with proteinase K. The cryoprotective effects of Afp1
on other enzymes showed that Afp1 could improve
enzyme stability after several rounds of freeze thaw
This study was funded by the Ministry of Science,
Technology and Innovation (MOSTI) of Malaysia
under research grants 08-05-MGI-GMB001/1 and
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Carrot (Daucus carota) antifreeze protein (CaAFP) is reported to have strong ice recrystallization inhibition (IRI) activity and great potential in frozen dough. However, the low yield and high cost of extracting CaAFP from natural sources limit its wide applications. To overcome the paucity of CaAFP, in this study, recombinant carrot antifreeze protein (rCaAFP) was expressed and produced in Pichia pastoris GS115, and the cryoprotective effects of rCaAFP on frozen dough properties and bread quality were investigated. The rCaAFP production reached 379.47 mg/L in a 7 L fermentor, and the rCaAFP exhibited high thermal hysteresis activity (1.96 °C at 10 mg/mL) and strong IRI activity. The addition of rCaAFP to frozen dough lessened the increment of freezable water content during freeze-thawed cycles, weakened the damage of freeze-thawed cycles to fermentation capacity and microstructure of frozen dough, and consequently improved the specific volume and texture properties of bread. The rCaAFP produced by Pichia pastoris GS115 was proven to be an effective cryoprotectant for frozen dough. This study provides a feasible method for the production of recombinant plant antifreeze proteins. The availability of gram quantities of rCaAFP contributes to accelerating further application studies.
Full-text available
Ice-binding proteins (IBPs) can inhibit ice recrystallization (IR), a major cause of cell death during cryopreservation. IBPs are hypothesized to improve cell viability after cryopreservation by alleviating the cryoinjury caused by IR. In our previous studies, we showed that supplementation of the freezing medium with the recombinant IBP of the Arctic yeast Glaciozyma sp. (designated as LeIBP) could reduce post-thaw hemolysis of human red blood cells and increase the survival of cryopreserved diatoms. Here, we showed that LeIBP could improve the viability of cryopreserved mammalian cells. Human cervical cancer cells (HeLa), mouse fibroblasts (NIH/3T3), human preosteoblasts (MC3T3-E1), Chinese hamster ovary cells (CHO-K1), and human keratinocytes (HaCaT) were evaluated. These mammalian cells were frozen in DMSO/FBS solution with or without 0.1 mg/ml LeIBP at a cooling rate of -1 °C/min in a -80 °C freezer overnight. The minimum effective concentration (0.1 mg/ml) of LeIBP was determined based on the viability of HeLa cells after treatment with LeIBP during cryopreservation and the IR inhibition assay results. The post-thaw viability of mammalian cells was examined. In all cases, cell viability was significantly enhanced by more than 10% by LeIBP supplementation in 5% DMSO/5% FBS: viability increased by 20% for HeLa cells, 28% for NIH3T3 cells, 21% for MC3T3-E1, 10% for CHO-K1, and 20% for HaCaT. Furthermore, addition of LeIBP reduced the concentrations of toxic DMSO and FBS down to 5%. Therefore, we demonstrated that LeIBP can increase the viability of cryopreserved mammalian cells by inhibiting IR.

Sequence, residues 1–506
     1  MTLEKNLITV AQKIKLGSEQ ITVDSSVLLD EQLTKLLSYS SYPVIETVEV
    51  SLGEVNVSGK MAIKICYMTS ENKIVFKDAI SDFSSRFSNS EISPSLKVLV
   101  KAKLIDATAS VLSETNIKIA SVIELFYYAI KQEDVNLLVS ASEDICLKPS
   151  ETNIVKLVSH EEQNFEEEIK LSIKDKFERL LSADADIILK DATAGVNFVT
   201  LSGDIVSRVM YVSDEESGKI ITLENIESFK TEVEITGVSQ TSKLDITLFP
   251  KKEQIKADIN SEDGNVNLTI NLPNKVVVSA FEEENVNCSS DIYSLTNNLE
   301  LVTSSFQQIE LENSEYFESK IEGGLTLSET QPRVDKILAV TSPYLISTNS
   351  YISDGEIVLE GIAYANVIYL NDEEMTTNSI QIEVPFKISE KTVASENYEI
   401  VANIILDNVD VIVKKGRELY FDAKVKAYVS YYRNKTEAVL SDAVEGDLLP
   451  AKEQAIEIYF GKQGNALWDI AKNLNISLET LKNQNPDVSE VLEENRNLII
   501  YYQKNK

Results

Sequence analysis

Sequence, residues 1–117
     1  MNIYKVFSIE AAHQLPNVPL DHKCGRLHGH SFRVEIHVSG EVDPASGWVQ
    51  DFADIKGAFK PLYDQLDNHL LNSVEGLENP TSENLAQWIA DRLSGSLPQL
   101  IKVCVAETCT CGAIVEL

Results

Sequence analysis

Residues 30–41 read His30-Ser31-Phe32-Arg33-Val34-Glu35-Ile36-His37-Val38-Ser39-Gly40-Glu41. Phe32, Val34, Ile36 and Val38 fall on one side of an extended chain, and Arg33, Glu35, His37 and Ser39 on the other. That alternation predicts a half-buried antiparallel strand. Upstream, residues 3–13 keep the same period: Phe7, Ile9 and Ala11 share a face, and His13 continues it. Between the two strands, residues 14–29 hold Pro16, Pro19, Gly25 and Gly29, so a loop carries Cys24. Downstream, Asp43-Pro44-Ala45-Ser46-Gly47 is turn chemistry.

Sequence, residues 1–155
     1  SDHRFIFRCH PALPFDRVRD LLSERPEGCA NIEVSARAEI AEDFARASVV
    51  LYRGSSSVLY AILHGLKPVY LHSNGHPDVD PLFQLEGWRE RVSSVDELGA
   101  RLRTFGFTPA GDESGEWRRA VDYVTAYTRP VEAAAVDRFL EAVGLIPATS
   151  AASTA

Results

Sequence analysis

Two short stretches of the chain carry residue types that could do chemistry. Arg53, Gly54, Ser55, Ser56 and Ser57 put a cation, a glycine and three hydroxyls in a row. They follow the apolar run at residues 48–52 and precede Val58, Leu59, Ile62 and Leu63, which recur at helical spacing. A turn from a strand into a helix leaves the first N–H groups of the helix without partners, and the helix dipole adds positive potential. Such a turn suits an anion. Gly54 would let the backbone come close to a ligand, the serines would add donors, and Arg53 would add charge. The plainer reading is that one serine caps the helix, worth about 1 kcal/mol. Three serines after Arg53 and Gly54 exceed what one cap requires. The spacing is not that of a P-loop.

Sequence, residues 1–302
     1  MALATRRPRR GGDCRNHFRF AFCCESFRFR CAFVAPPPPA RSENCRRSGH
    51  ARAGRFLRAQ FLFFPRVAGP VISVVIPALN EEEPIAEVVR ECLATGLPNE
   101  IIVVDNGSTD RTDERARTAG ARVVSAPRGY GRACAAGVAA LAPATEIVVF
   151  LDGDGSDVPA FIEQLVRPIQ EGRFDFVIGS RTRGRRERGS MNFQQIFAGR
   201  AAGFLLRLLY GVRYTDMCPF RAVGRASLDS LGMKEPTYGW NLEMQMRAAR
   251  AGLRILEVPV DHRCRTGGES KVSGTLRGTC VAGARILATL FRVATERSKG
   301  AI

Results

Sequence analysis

Full-text available
An antifreeze protein secreted to the growth medium by the plant growth promoting rhizobacterium Pseudomonas putida GR12-2 was purified to apparent homogeneity. The purified protein has a molecular mass of 164 ± 15 kDa and an isoelectric point of 5.3, contains both carbohydrate and lipid moieties, and is relatively rich in glycine and alanine. The properties of the purified antifreeze protein are similar to the properties previously reported for bacterial ice-nucleation proteins. In fact, the purified antifreeze protein also displays a low level of ice-nucleation activity. Removal of approximately 92 kDa of carbohydrate from the 164-kDa antifreeze glycoprotein did not noticeably alter the antifreeze activity of the molecule, although it did diminish the ice-nucleation activity. This is the first report of an antifreeze protein that also is active as an ice-nucleation protein.Key words: antifreeze protein, plant growth promoting rhizobacteria, freezing tolerance, ice-nucleation protein.
Full-text available
The psychrophilic yeast Glaciozyma antarctica demonstrated high antifreeze activity in its culture filtrate. The culture filtrate exhibited both thermal hysteresis (TH) and ice recrystallization inhibition (RI) properties. The TH of 0.1 °C was comparable to that previously reported for bacteria and fungi. A genome sequence survey of the G. antarctica genome identified a novel antifreeze protein gene. The cDNA encoded a 177 amino acid protein with 30 % similarity to a fungal antifreeze protein from Typhula ishikariensis. The expression levels of AFP1 were quantified via real time-quantitative polymerase chain reaction (RT-qPCR), and the highest expression levels were detected within 6 h of growth at -12 °C. The cDNA of the antifreeze protein was cloned into an Escherichia coli expression system. Expression of recombinant Afp1 in E. coli resulted in the formation of inclusion bodies that were subsequently denatured by treatment with urea and allowed to refold in vitro. Activity assays of the recombinant Afp1 confirmed the antifreeze protein properties with a high TH value of 0.08 °C.
Full-text available